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Fogerson Has The Football Back In His Hands
Release: 08/15/2009
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Aug. 15, 2009

Raise The Woof! August 28
Picture Day On Tap Sunday
Photo Gallery -- Practice #6
Steve Sarkisian Post-Practice Report
Locker Signs with Angels (see bottom of this page)

by Michael Jeremiah

SEATTLE -- As he charges toward the sideline, vying to gain the proper angle on the opposing player, Johri Fogerson looks like he thrives with the ball in his hands. But as the collision nears, it's easy to see the roots of Fogerson's time spent hitting ball carriers, instead of carrying it himself. Fogerson lays the hit on the defensive player and gains another yard before going down.

The move from safety to running back is only a few days old, but Fogerson is showing signs of adjusting to his new role. Running with a physical presence and natural instincts has helped the transition to running back, and it's going well. Coach Steve Sarkisian named Fogerson his Player of the Day during the first week of camp.

Excelling at running back is nothing new to Fogerson, and he's happy to be back in his comfort zone after playing safety as a freshman.

"It just feels natural to be over here [on offense]," said Fogerson. "Instinctively, I just feel a lot more comfortable with the ball and I feel like I can do a lot with the ball right now."

Fogerson honed those instincts at O'Dea High in Seattle, where he starred on both sides of the ball but was heralded for the gaudy numbers he produced on offense. After splitting carries for most of high school, Fogerson took the reigns as a senior and led the Irish to the state championship game. O'Dea eventually lost to Skyline, but Fogerson shined, rushing for a state-record 297 yards and scoring four touchdowns. That performance capped a senior year that drew such accolades AP State Player of the Year and All-State selections to go along with 2,545 yards and 36 touchdowns.

That was his last game at running back, almost two years ago, but he is eager to get back in a game situation with the ball in his hands. Natural ability has to be paired with knowledge of the offense, and that is the hurdle that he has to overcome during fall camp.

"I just need to pick up that plays as fast as I can and get as many reps as I can get," said Fogerson. "I have to get more relaxed and comfortable with the offense."

At 6-foot-1, Fogerson has the big body and the mentality to be a physical presence in Sarkisian's pro-style offense. His addition gives Washington an impressive group of young running backs with Chris Polk, Willie Griffin, Curtis Shaw and Demitrius Bronson being some of the other players getting reps in the backfield.

What he lacks in experience over the last two years, Fogerson should be able to make up by being a good fit for the new rushing attack that is being implemented.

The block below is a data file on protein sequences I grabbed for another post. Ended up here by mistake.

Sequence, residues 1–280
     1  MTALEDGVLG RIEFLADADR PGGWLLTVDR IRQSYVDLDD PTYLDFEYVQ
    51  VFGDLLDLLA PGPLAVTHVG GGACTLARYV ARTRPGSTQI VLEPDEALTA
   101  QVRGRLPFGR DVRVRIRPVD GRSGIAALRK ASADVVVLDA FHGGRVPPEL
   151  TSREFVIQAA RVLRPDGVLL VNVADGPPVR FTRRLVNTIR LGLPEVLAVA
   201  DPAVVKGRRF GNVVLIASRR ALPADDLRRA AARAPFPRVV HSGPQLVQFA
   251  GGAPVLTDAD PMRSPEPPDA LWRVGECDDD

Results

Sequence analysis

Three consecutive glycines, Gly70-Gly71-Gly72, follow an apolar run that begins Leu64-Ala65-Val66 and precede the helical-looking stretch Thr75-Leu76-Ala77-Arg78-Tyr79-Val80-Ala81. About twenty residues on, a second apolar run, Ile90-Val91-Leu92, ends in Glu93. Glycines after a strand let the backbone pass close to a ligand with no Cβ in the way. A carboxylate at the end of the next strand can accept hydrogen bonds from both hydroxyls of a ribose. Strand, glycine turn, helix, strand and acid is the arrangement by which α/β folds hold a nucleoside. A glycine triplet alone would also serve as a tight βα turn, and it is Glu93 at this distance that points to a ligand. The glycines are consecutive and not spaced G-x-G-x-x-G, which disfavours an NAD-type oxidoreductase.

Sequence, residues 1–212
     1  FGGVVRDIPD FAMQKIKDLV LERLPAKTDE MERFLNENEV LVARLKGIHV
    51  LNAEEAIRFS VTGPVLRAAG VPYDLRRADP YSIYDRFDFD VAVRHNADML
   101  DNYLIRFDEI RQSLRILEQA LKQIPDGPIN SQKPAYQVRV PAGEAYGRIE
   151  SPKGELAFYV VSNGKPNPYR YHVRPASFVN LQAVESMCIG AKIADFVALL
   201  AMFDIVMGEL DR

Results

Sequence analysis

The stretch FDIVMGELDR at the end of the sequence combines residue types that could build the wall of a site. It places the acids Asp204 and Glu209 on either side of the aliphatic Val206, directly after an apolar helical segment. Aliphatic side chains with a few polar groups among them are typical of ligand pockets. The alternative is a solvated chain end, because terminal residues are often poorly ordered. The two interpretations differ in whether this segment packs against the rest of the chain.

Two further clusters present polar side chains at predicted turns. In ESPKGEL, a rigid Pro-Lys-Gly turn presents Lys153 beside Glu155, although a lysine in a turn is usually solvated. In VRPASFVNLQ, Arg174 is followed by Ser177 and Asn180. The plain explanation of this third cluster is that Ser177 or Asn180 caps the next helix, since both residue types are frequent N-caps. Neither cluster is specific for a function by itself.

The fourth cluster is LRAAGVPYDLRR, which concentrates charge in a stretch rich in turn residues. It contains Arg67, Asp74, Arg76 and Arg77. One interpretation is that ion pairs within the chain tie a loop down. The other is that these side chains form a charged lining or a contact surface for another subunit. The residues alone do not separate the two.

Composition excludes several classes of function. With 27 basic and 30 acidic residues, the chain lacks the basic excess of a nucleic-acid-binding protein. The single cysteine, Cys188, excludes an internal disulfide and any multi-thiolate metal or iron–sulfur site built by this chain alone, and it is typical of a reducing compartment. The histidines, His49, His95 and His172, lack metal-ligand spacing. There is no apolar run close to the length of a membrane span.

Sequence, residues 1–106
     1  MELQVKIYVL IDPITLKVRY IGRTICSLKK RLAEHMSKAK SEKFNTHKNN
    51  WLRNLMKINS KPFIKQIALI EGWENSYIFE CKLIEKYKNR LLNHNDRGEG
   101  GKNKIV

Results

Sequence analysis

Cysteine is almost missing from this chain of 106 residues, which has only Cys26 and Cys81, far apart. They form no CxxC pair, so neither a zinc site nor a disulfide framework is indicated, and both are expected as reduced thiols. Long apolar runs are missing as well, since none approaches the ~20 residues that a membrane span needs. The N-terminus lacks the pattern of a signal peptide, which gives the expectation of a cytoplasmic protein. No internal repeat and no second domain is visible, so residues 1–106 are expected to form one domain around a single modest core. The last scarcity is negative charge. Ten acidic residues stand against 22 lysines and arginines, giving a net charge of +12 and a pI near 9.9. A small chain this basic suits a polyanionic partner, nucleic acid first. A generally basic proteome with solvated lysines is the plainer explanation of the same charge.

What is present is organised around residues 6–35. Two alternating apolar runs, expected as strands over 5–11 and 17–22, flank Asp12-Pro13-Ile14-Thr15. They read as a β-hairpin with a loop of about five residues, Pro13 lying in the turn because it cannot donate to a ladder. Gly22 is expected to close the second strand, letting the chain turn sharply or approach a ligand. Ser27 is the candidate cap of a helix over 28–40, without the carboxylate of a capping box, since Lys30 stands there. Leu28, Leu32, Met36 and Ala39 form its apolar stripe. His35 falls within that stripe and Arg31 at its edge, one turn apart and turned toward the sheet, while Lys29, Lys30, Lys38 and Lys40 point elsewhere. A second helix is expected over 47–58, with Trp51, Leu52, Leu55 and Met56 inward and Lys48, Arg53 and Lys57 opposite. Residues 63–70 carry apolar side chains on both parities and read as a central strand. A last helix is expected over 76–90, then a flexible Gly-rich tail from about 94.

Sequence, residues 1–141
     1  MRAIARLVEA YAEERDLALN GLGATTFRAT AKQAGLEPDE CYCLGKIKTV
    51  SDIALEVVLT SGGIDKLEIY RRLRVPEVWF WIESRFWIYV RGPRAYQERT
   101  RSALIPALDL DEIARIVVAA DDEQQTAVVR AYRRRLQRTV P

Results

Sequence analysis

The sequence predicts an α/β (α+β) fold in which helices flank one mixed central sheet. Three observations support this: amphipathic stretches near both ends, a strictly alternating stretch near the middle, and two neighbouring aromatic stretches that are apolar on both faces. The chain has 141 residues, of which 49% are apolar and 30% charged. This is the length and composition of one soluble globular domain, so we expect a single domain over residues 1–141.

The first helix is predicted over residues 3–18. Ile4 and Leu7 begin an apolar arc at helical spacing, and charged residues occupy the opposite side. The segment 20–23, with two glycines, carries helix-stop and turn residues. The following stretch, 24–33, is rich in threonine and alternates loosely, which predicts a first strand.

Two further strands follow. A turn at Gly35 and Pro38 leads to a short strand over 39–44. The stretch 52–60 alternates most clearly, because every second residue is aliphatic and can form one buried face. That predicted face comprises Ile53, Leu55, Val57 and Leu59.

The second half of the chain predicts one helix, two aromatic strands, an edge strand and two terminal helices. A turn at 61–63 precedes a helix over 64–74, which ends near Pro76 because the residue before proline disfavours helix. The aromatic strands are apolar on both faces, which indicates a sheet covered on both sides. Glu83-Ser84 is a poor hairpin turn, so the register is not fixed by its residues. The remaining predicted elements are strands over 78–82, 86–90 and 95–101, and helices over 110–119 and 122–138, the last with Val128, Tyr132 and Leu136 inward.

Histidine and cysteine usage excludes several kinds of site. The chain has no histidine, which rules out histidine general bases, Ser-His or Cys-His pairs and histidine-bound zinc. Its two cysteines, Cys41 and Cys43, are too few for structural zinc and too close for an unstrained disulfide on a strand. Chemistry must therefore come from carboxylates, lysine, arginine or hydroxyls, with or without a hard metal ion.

"I'm a downhill runner and that's the kind of offense we are running," said Fogerson. "It fits me well.

Four weeks to learn a new offense at first seems too short. But with every crack of the pads and the ensuing struggle for an extra few inches on a play Fogerson shows anyone watching that he will give his all to help the team, especially if it means he gets to carry the ball again.

The switch to offense will mean a new outlook and altered mindset for the 2009 season. Along with that comes the optimism that he sees the same good play in his teammates that others have noticed in him during fall camp.

"Right now, we are on track to have a good season," said Fogerson. "I think that we are going to do really well and we will just see how it goes."

SATURDAY MORNING POST-PRACTICE UPDATE: A day after their first full-pads practice Friday afternoon, the Dawgs were back on the field early Saturday morning for a relatively light, helmets-only session.

In his post-practice talk with the media, Coach Steve Sarkisian said that the emphasis of the day was the two-minute drill. With no pads on, the general advantage tends to favor the offense, and there was no shortage of nice plays on that side of the ball.

Sophomore wideout Cody Bruns turned in a couple of highlight receptions, including a long touchdown pass and, later, a diving grab. Ronnie Fouch also connected with Devin Aguilar on several occasions and fullback Austin Sylvester made one of the longest plays of the day, catching a pass in the flank and rambling downfield.

The Dawgs will break for lunch, meetings and then dinner before returning to the turf this evening at 6:45 p.m. for a full-pads practice. Sunday's schedules does not include any practices, but the Dawgs will be back on the field at Husky Stadium for the traditional Picture Day, which gets going at 10:00 a.m.

LATE SATURDAY UPDATE: The UW can confirm that quarterback Jake Locker has agreed to a contract with the Los Angeles Angels of Anaheim Saturday. Jake's father, Scott Locker, who was handling the negotiations, confirmed that the deal was signed Saturday afternoon.

Locker, who has two seasons of football eligibility remaining (2009 and 2010), will have to relinquish his scholarship, but his football eligibility is otherwise unaffected.

The Angels selected Locker with their 10th round selection, 321st overall. After his senior year at Ferndale High, Locker was chosen by the Angels in the 40th round, but did not sign at that time. He hasn't played baseball at the college level, but did play for the Bellingham (Wash.) Bells in the West Coast Collegiate Baseball League in the summer of 2008.

With Sunday a scheduled off day for the team -- other than the annual Picture Day -- Locker's next scheduled press availability will be after Monday morning's 8:45 a.m. practice.

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